Our way of working has transformed across the nation over the past five months. Irregular working patterns, virtual offices, increased email use, “clouds”, and video conferencing have become the norm. App-based platforms such as the renowned “Zoom” and “Microsoft Teams” alike, host instant messaging services, cloud-sharing of files, and, of course, the video call. The increased popularity of these platforms has resulted in a large number of cyber breach reports.
Workers have received email scams from hackers purporting to be clients or a company. These scams contain links to fake login screens in order to gain access to your meetings, clouds, and Virtual Private Network (VPN). Many, external-bound, video conferences being interrupted by inappropriate images and threatening language; which can quickly tarnish the business reputation. Some hackers have even taken to lurking within video calls as a hidden participant – recording calls, copying shared files. Obviously, a move like this could have vast security implications for many businesses. So, how do we stay secure?
Keep Video Conferences Private
Many video conferencing platforms offer the option for you to password or pin protect a meeting. If your software allows this, be sure to use a strong password or pin which cannot be easily guessed. In addition to this, it is also a wise move to adapt it for every meeting.
Avoid sharing a meeting link publicly. Likewise, inform attendees not to share the links via their social media platforms. It’s also advisable to invite your attendees through the software itself.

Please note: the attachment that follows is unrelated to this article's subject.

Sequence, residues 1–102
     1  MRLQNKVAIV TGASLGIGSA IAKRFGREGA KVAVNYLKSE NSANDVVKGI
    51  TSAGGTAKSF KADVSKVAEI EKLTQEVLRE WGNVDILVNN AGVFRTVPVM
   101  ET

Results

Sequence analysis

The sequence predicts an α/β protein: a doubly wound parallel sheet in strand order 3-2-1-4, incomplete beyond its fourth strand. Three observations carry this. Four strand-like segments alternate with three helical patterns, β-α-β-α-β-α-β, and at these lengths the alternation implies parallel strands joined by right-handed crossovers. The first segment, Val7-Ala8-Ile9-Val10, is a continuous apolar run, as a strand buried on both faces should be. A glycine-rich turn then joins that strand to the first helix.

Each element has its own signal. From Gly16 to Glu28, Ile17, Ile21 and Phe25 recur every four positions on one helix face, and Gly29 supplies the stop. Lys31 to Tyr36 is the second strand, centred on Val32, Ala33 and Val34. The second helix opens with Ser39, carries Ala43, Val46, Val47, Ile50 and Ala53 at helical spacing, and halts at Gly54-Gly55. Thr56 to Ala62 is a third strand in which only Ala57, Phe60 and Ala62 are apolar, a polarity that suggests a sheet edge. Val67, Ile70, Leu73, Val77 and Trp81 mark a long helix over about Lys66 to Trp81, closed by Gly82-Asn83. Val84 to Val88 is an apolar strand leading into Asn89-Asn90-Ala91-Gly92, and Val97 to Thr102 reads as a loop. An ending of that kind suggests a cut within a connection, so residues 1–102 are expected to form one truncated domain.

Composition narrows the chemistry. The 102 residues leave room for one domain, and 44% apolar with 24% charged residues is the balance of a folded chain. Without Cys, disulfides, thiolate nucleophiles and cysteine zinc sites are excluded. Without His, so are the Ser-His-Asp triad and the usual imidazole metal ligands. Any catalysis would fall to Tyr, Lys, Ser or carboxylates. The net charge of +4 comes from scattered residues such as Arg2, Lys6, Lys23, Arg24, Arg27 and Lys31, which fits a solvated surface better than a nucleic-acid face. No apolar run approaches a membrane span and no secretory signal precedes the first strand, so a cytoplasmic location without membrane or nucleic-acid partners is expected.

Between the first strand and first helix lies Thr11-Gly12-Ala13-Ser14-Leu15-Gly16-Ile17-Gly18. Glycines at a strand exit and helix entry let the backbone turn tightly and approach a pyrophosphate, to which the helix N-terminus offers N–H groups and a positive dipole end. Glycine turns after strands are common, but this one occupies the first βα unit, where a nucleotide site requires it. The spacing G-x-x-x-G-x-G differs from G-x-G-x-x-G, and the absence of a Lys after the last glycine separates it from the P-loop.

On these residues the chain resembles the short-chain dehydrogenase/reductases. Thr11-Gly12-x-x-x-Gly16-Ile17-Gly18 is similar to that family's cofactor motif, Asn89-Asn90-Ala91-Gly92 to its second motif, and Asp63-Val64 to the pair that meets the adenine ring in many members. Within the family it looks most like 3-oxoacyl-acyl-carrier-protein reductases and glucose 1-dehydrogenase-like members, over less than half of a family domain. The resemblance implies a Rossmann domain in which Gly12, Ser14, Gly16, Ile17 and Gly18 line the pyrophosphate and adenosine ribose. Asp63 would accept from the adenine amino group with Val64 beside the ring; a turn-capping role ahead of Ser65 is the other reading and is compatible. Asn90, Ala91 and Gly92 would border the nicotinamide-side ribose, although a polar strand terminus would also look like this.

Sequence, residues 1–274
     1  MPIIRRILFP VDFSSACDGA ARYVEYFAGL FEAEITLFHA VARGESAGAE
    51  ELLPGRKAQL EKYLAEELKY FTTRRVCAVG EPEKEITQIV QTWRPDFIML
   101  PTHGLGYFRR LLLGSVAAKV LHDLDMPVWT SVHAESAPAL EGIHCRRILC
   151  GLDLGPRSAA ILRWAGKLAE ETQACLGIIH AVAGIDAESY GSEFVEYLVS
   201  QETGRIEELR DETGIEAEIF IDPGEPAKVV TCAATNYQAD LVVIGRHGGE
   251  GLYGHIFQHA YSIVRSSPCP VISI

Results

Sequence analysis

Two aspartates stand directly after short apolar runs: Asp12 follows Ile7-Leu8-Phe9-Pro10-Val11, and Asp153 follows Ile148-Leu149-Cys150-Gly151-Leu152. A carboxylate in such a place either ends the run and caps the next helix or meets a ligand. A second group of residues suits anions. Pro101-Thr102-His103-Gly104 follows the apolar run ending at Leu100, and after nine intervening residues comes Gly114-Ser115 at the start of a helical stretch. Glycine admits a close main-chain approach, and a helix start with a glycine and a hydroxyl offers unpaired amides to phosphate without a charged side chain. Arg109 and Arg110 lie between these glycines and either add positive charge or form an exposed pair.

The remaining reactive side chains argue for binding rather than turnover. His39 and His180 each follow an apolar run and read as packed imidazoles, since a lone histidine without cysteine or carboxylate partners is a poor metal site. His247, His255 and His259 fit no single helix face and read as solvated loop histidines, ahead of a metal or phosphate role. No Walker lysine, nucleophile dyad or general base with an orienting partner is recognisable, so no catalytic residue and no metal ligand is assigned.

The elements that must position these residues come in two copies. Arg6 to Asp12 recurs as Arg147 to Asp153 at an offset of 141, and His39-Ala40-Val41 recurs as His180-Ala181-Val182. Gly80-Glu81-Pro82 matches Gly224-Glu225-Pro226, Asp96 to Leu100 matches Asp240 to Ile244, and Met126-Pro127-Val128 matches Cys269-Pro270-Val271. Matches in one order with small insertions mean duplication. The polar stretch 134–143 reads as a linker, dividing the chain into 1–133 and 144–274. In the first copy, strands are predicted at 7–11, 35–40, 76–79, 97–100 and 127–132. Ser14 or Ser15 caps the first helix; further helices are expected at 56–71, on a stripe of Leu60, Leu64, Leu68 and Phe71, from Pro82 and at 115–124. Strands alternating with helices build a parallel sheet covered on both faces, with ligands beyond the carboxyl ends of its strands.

Before a meeting begins, you may have the option to put participants in a virtual waiting room before you enable access. This is a great option to utilise, as you will know exactly who is present and you won’t get caught out by any unwelcome guests. After everyone invited has joined, lock your meeting.
Keep your software (operating systems, security software, browsers etc.) at the most up-to-date version. Weaknesses are often exploited on older software versions. Also, check your firmware, for even an old Wi-Fi router may be vulnerable. Ensure that all employees working from home also understand the importance of regular updates, and educate them on the steps they need to take to keep your business safe.
What happens in the event of a cyber breach?
During the coronavirus pandemic, the risk of a cyberattack rose due to opportunist criminals targeting businesses adapting to new technologies and processes. According to Beaming, a specialist business ISP who tracks cyber breaches: UK businesses experienced almost 177,000 separate attempts to breach their systems each, on average, between April and June 2020. That’s equivalent to one every 45-seconds. Not to mention, the susceptibility of working from home. The Guardian reported that malicious email attacks on homeworkers were up 48% for the first six weeks of lockdown. Trends show that these cyber breach attempts are unlikely to faulter.
In the event of a data breach, your business would be at risk of fines, potential lawsuits, and reputation damage if the breach is found to be caused by negligence. You have a duty to keep records physically and electronically safe. To ensure this, having adequate cybersecurity measures and staff training in place is the best decision.
It is always worth preparing your defence now against the possibility of something going wrong. With Cyber and Data Insurance, you can better protect your business against cybercrime, covering you in the event that sensitive information is accidentally shared.
What does Cyber and Data Insurance include?
No business is immune to a cyberattack. That’s why having Cyber Insurance in place can help to better protect your business should something go wrong. It helps aid your recovery after a cyberattack, including restoring systems, mitigating reputational damage, cyber extortion and loss of data. To find out more about Cyber and Data Insurance and how it can help your business, get in with touch us.